Column: Cybersecurity expert Brian Krebs was silenced by a huge hacker attack. That should terrify you.


In late September, the website of journalist and cybersecurity expert Brian Krebs was hit with a crippling hacker assault known as a “distributed denial of service,” or DDoS, which knocked him off the Internet for several days.

Krebs is one of the savviest security experts out there, yet at first he was rendered almost powerless to fight off the attack. More to the point, he was silenced. That’s a concern because Krebs believes the attack was launched in retaliation for a story he wrote exposing two Israeli hackers, who were arrested around the same time.

The economics of mitigating large-scale DDoS attacks do not bode well for protecting the individual user, to say nothing of independent journalists.

— Security expert Brian Krebs


The scariest elements of this episode are these: First, the weapons allowing cyberattackers to bring down websites and networks no longer belong exclusively to “state actors” such as governments, but are widely available in private hands. Second, these weapons are getting better every day. Finally, the cost of defending against such attacks can ruin their targets, vastly enhancing the attackers’ ability to silence them.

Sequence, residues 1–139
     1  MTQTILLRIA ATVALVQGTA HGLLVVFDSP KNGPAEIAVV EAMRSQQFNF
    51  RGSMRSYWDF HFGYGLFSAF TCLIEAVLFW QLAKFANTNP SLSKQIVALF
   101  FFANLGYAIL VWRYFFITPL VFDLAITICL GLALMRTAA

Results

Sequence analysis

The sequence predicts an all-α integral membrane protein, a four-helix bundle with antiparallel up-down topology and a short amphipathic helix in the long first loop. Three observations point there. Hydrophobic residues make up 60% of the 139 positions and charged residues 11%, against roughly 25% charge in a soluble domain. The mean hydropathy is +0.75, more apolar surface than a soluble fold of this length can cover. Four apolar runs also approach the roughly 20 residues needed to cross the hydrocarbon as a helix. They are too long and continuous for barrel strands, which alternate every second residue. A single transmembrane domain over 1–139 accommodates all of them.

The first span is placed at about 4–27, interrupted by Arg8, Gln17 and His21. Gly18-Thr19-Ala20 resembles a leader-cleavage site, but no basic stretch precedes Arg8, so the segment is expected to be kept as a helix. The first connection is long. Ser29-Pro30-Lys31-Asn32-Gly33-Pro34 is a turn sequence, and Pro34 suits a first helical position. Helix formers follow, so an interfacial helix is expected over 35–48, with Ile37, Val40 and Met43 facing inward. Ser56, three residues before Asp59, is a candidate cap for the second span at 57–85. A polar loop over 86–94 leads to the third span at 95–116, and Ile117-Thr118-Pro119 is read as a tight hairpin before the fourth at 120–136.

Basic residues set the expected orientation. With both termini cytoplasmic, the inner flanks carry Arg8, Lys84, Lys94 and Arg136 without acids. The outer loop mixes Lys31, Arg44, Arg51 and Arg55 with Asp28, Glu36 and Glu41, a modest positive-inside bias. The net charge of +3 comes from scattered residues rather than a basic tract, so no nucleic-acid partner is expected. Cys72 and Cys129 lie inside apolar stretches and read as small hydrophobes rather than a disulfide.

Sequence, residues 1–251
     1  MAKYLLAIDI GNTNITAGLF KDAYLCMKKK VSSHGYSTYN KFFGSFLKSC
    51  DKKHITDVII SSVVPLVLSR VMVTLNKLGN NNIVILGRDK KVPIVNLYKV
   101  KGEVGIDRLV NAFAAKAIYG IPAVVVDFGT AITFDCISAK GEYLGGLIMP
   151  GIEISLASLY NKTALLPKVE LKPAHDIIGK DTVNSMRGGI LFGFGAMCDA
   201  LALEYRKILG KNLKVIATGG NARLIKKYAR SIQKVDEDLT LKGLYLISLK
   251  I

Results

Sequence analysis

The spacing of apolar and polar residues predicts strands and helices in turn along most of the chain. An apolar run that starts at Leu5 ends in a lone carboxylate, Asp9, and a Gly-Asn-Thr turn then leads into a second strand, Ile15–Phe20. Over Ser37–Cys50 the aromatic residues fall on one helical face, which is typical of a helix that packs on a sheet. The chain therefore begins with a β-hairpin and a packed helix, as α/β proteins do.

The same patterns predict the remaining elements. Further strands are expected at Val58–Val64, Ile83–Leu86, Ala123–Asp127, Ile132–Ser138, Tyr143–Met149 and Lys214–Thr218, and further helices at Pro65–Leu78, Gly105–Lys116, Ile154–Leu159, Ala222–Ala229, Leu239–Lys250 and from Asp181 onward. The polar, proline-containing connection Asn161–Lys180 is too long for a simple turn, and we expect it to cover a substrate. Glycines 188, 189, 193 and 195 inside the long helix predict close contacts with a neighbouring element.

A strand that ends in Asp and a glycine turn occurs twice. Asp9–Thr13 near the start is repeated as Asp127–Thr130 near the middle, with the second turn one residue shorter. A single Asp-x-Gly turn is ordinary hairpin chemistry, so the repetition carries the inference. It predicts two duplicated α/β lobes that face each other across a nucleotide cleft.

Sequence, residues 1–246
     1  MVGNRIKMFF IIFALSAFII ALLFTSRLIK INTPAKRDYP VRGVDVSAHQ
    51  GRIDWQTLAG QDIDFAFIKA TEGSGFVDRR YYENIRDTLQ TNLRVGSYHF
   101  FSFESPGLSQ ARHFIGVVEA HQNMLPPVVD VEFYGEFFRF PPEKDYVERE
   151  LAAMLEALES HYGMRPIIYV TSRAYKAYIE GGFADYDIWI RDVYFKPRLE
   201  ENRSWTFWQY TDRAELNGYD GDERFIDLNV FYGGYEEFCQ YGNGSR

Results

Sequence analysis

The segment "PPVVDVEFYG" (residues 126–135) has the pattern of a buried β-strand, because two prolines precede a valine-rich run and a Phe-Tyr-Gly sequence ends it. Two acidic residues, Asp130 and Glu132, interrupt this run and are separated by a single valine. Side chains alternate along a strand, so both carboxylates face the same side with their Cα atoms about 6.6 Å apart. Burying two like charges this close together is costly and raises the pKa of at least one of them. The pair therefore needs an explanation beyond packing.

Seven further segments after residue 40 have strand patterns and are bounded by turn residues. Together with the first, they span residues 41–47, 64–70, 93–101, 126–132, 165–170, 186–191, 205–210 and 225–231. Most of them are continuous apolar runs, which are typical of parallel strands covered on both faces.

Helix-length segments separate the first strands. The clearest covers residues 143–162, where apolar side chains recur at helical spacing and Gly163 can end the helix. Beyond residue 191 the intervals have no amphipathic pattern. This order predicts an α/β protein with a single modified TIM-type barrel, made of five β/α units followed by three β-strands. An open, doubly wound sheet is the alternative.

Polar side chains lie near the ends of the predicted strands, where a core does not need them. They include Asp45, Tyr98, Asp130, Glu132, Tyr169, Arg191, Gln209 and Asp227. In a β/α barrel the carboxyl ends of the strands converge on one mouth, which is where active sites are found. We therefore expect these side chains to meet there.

“The economics of mitigating large-scale DDoS attacks do not bode well for protecting the individual user, to say nothing of independent journalists,” Krebs says. He calls the result “the democratization of censorship.” One doesn’t need a government censor’s blue pencil and scissors to muzzle an adversary; one can bludgeon him into silence.

The DDoS is perhaps the most common means of attacking a target website or network. Put simply, the attackers flood the target with incoming traffic in such volume and from so many different sources that the legitimate traffic can’t get through.

“Largely it’s a matter of bandwidth,” security expert Bruce Schneier wrote in mid-September. “If the attacker has a bigger fire hose of data than the defender, the attacker wins.”

The Internet security firm Verisign says it observed that the number of DDoS attacks increased 75% in the first half of 2016 compared to a year earlier, while the peak attack size increased 214%, an indication of the greater difficulty of fending them off.